Braves general manager John Schuerholz, who first discussed the position with Wren last Thursday, called his new hire's credentials "absolutely perfect for this position."
"Frank's the kind of guy who has excellent work habits, handles himself in a very professional fashion and is very well respected. And I think he feels the same way about our organization," Schuerholz said. "I think he felt a real attraction to working in the environment we have here."
Wren declined to comment about his turbulent 11-month experience in Baltimore, saying only, "I'm excited about going forward."
The Orioles cited Wren's inability to mesh with ownership, his abrupt dealings with a number of subordinates and ultimately his refusal to hold a Sept. 17 charter at Baltimore-Washington International Airport for third baseman Cal Ripken as contributing to his firing. However, Wren's unexpected ouster apparently did little to tarnish his reputation as one of the game's most astute young executives.
The third general manager to serve during the six-year stewardship of majority owner Peter Angelos, Wren moves from a club reputed for front-office turbulence to one lauded for its buttoned-down stability. Schuerholz has been in place since October 1990; Bobby Cox, Schuerholz's predecessor as GM, has been manager since May 1990.
Wren fills the vacancy created by the loss of Dean Taylor, whom the Milwaukee Brewers named general manager last month.
"I had a very close relationship with Dean Taylor. We served on several committees together and bounced stuff off each other for eight years and we're still very good friends," said Wren, who was assistant GM with the Braves' NL East rival Florida Marlins before being hired by the Orioles last Oct. 23. "When you play a club as often as we [Marlins] played the Braves, you have a lot of exposure to each other.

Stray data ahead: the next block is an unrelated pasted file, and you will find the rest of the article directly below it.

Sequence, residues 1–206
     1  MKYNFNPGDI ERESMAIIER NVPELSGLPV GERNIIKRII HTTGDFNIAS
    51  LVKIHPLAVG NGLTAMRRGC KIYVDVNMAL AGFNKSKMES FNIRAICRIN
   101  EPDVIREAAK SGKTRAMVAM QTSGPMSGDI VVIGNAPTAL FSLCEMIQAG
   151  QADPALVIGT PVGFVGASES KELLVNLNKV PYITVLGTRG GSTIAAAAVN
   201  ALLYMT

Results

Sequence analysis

"I think it's a very comfortable situation for both parties."
Though Wren returns to the same position he held for seven years with the Marlins, he received the title of vice president that did not accompany his promotion with the Orioles. Schuerholz described Wren's responsibilities as greater than Taylor's because of his "broader" portfolio.
Wren began discussing the post with Schuerholz last Thursday, even before the Orioles released their nine-paragraph statement detailing his termination that night. Wren actually was fired the day before, Oct. 6.
Wren and Schuerholz had a series of phone conversations throughout the weekend. Wren interviewed Monday afternoon with Schuerholz and team president Stan Kasten in Atlanta, then returned to Baltimore that night.
"They made me feel like they wanted me to come," Wren said. "It's a meaningful position I thought would give my family and myself a sense of stability. That's an important factor."
Wren, 41, received a three-year contract; however, many within the industry believe he will receive another opportunity as general manager in the near future. Several other teams contacted Wren over the weekend, but Schuerholz finalized an agreement with no wasted action.
"I can't imagine anybody being more qualified to fill this position than Frank Wren," Schuerholz said. "I know him well. I've always admired him from across the table and admired the work he's done and the way he's handled himself."
Wren placed his Severna Park home on the market last Saturday and said he will officially assume his new post next week.
Pub Date: 10/14/99